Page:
The global financial crisis has changed the way we do business. It has forced society to re-evaluate its attitude to risk and wealth generation, and prompted a critical appraisal of corporate responsibility and ethics.
The crisis has also affected thinking on management. The manner in which business leaders interpret these phenomena and accordingly alter their conduct in the marketplace has profound implications for the future of the international economy. The need to adapt, argues Prof. Walter Baets, the head of the University of Cape Town’s Graduate School of Business (GSB), is urgent and unavoidable.
Speaking at a UCT alumni event in Sandton on September 28th, Prof. Baets argued that being ethical or socially responsible are not nice-to-haves. Rather, not to be more socially engaged would run the risk of fundamentally misunderstanding how the world really works, and business’s role in that world.
What characterises emerging markets such as our own, Baets explained, are high degrees of uncertainty, high degrees of complexity, and extreme levels of inequality. Reflecting on his years in the financial services sector, he criticised the process of financial modelling. Many of these analyses, he said, have no bearing on the reality of emerging economies and the complexities of their social landscapes.
Baets described the traditional managerial technique of solving problems through assessing cause and effect as a classic Newtonian Paradigm. However, the challenges facing businesses today are different: they are non-linear, deeply complex and full of unforeseen variables. The problem with most financial models, he noted, is that they presume we can solve a complex world solely by examining causal relationships. You can’t.
Ninety five percent of what business schools teach is Newtonian, he said, but what is really needed is something akin to Quantum Mechanics, a practice which takes into account multiple, and seemingly invisible paradigms when approaching a problem.
“You can never understand a phenomenon in three dimensions if you live in a two dimensional world,” he said, “If you want to understand an organisation you have to understand it systemically.”
As head of the UCT GSB, Baets also attacked the pedagogy of business schools, insisting that MBA students need to grasp that their learning is not about a fixed set of outcomes. “Traditionally in an exam we don’t test intelligence; we test your capacity to say what [the examiner] wants you to say,” he criticised, gesticulating wildly.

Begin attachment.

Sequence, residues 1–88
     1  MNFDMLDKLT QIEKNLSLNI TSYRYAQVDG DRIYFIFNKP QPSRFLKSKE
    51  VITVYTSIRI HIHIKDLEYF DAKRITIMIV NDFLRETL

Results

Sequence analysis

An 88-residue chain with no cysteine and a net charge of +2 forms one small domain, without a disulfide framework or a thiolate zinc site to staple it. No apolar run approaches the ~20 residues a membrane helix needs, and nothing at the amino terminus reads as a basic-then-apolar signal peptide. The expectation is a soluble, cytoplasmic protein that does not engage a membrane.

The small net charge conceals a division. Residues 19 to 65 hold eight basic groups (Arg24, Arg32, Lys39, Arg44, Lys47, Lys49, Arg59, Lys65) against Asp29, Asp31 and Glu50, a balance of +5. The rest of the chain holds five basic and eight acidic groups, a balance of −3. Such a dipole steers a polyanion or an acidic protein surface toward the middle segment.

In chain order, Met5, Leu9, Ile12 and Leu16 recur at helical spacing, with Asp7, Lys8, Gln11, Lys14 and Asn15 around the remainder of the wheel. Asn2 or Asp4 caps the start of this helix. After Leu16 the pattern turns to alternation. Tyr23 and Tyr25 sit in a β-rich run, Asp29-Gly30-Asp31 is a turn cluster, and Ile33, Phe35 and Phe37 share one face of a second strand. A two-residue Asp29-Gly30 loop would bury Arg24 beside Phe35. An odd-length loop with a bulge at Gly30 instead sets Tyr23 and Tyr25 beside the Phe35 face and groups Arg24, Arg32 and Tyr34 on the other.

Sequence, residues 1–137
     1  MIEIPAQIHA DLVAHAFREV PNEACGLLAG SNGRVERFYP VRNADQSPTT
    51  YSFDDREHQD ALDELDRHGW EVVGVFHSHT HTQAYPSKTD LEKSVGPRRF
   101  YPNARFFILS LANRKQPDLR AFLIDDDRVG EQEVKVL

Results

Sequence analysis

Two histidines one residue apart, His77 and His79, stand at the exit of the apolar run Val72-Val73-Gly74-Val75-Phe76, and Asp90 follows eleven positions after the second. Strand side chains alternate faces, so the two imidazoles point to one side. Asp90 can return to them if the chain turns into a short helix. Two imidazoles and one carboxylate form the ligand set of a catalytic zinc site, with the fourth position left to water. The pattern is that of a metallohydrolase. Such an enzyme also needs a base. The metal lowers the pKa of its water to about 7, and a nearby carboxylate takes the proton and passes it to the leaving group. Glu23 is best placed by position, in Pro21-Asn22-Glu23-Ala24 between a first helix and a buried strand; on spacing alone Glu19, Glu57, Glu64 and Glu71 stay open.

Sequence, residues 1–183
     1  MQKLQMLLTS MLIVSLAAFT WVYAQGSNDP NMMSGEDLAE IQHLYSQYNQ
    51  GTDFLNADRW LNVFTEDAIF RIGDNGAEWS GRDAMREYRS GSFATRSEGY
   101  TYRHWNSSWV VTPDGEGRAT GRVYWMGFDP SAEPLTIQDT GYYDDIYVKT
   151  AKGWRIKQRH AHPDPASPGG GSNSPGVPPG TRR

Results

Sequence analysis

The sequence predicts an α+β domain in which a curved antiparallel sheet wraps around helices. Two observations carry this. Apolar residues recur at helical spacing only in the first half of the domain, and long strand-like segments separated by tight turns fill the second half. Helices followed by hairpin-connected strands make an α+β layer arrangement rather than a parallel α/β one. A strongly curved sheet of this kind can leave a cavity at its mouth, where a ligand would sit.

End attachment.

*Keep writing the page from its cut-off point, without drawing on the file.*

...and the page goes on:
“I can’t teach you anything! I can only teach you how to learn […] For example, I can explain the rules of soccer but I can’t make you a soccer player. The same is true for a musician or a pilot.” The latter, he explained, aren’t given the joystick and told to fly; they are introduced to piloting gradually through flight simulators. The same approach should be taken with managers, he mused.
The professor used yet another metaphor, that of the motorcycle racer who has to balance on the threshold of collapse while taking a corner at high-speed. He insisted that if you want your business to win the race you need to go beyond the equilibrium and push yourself to "the edge of chaos". Like the motrorcyclist, you need to do this at every turn, not just once or twice.
In terms of business' social strategy, Baets submitted that companies should ask themselves what they add to society - a broader question than simply evaluating their philanthropic contribution. “It all starts with values. What are you doing it for? If you company is bankrupt, what are you missing? And if the answer is 'nothing', then why do you exist?”
Baets insisted that you cannot decree to become a sustainable or ethical company overnight. “If you really want to have a transformational impact on society you have to understand society and people in a holistic way.”
Photo: David Ansara
This article was originally written for MBAnetwork an information portal and networking site for prospective and current MBA students in South Africa.